Intrigued by my tutor Titus’ account of prime numbers in nature and, in particular, their bearing on the life-cycle of the magicicada, I find myself at eight in the evening at the Maths Society, where 15 of our most ardent mathematicians have gathered over mince pies and lemonade to discuss the magical properties of prime numbers. Led by head of maths, Michael Truss, they need no spurring on to be excited about prime – there is buzz, banter and exchange of ideas as we journey from Euclid’s proof (an early prime-wallah in 300 BC), through the concept of primes as “the atoms of maths” to all sorts of different ways of generating primes. Michael’s question “Why are prime numbers lucrative?” takes us off into the realm of public-key cryptography, which is interesting and potentially lucrative, presumably if you can frame an especially clever one and if you can crack someone else’s. By now my interest has become more anthropological than mathematical, as the level of fervent enquiry shows no sign of abating and as the ideas stretch way beyond my sadly limited mathematical horizon. We end up with pringles (figuratively) making an appearance and the concept of flat vs curved geometry. I catch Michael and Titus at the end and we return to those clever cicadas who have prospered by naturally selecting prime number years for their change from grub to cicada proper; this means that, by appearing on prime number cycles, they avoid more predators. So, whether you are a North American cicada or not, Maths is everywhere – and, I fully appreciate, the source of much interest and fun.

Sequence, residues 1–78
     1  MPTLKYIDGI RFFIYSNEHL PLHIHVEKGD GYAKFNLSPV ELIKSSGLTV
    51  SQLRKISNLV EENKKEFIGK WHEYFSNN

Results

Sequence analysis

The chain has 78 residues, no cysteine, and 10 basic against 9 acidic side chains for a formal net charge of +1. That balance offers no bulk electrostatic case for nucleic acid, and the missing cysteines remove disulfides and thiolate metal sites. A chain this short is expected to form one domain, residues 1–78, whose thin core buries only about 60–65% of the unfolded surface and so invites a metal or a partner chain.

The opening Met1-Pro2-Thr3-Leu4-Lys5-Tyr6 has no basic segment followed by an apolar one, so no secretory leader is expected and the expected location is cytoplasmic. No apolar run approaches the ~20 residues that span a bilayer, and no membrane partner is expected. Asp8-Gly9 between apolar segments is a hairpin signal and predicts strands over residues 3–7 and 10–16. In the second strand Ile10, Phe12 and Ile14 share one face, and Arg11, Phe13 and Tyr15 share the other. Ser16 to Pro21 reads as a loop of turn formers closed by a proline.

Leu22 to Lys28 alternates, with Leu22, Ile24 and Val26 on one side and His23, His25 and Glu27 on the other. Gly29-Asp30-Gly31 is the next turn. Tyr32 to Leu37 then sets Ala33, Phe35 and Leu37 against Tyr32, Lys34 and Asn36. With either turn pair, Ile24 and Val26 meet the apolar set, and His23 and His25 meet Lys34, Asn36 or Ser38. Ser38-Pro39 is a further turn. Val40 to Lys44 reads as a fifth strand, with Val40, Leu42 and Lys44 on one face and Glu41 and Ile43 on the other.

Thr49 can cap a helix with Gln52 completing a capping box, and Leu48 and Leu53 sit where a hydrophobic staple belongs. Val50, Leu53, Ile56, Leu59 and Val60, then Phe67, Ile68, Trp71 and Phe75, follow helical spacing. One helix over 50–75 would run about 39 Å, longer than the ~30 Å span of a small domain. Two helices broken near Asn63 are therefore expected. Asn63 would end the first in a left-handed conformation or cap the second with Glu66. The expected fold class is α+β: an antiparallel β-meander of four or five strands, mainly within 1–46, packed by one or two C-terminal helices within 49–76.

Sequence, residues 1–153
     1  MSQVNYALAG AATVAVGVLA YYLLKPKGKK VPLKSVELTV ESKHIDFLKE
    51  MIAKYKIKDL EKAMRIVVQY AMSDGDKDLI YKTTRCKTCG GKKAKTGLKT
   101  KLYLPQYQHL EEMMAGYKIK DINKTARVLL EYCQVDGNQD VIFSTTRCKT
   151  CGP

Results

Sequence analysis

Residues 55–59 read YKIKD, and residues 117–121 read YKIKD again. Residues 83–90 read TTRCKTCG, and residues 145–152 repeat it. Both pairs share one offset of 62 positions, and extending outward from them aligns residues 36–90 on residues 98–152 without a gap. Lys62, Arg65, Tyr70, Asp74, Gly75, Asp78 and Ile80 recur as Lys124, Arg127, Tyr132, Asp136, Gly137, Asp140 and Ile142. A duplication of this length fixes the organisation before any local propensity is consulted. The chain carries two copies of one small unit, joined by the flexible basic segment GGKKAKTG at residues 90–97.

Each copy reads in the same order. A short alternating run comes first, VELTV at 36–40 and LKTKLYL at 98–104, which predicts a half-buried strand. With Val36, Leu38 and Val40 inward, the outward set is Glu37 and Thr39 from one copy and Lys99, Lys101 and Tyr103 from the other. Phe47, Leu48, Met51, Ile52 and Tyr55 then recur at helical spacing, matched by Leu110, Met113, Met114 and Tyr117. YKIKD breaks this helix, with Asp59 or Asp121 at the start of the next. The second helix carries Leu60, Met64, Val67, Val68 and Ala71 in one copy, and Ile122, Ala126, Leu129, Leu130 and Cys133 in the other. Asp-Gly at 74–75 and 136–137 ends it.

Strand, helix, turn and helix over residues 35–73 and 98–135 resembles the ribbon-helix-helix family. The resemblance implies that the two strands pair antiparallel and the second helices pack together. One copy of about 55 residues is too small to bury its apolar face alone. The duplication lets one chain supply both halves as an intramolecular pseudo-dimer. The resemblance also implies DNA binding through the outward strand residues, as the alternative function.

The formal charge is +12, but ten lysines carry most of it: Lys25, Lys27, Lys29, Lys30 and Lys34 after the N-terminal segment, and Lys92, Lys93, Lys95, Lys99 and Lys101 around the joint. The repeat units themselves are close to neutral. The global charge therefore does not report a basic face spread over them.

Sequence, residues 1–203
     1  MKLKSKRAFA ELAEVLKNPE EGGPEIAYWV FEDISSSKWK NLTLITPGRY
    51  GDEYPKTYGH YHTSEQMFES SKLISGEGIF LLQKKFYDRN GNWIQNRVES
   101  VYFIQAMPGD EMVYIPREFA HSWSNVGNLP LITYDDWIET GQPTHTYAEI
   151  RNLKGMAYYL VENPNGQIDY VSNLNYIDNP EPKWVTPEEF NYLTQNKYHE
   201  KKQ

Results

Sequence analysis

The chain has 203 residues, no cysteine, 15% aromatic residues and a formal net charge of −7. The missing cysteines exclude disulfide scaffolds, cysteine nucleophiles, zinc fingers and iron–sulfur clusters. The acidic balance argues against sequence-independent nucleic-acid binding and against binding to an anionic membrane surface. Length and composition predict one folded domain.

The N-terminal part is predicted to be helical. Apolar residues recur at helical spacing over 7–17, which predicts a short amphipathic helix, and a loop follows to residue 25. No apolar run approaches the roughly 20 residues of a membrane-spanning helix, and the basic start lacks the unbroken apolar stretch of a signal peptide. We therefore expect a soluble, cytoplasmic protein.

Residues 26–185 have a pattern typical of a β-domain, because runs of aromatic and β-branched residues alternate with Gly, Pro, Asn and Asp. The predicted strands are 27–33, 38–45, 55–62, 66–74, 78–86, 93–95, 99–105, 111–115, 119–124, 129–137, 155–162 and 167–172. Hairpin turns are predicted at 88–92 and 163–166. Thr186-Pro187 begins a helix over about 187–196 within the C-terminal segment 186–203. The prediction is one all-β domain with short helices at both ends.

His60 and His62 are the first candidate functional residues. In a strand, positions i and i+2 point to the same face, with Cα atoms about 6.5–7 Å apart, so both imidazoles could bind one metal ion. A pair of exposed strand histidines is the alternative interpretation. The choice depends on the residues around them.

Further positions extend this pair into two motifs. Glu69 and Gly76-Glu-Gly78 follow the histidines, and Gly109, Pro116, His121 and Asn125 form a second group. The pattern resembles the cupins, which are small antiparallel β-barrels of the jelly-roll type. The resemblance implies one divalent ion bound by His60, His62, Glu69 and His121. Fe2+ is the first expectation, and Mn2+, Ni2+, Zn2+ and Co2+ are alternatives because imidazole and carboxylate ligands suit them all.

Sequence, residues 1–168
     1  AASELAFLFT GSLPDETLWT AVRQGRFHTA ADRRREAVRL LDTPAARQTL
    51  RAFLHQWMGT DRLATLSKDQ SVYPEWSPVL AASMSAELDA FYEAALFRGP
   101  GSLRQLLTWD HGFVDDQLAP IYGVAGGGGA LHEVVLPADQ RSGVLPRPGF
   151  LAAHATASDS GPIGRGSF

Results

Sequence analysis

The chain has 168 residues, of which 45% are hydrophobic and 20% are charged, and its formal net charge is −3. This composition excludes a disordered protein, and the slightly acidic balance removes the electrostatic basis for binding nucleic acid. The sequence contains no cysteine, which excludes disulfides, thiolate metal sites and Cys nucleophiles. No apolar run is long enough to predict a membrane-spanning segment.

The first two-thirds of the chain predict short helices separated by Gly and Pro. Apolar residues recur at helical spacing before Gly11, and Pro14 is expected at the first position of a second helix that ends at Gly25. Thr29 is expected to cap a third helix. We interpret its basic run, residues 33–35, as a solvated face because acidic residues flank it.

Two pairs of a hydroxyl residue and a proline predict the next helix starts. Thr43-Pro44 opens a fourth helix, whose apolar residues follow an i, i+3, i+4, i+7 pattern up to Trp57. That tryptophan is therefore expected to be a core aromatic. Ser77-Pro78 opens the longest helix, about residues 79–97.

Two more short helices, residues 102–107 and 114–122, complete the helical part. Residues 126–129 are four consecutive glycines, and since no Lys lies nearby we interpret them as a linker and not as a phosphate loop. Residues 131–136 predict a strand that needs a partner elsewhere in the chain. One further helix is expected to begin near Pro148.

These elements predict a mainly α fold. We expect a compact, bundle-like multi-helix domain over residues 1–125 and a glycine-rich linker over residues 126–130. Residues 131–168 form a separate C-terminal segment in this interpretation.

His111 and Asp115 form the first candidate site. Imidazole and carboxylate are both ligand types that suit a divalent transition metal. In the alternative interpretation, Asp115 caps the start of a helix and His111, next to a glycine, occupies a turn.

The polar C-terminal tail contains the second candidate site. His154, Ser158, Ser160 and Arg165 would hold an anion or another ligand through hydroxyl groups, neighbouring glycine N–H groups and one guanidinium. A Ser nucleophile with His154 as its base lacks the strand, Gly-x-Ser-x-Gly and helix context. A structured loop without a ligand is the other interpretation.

By Keith Budge, Headmaster, Bedales Schools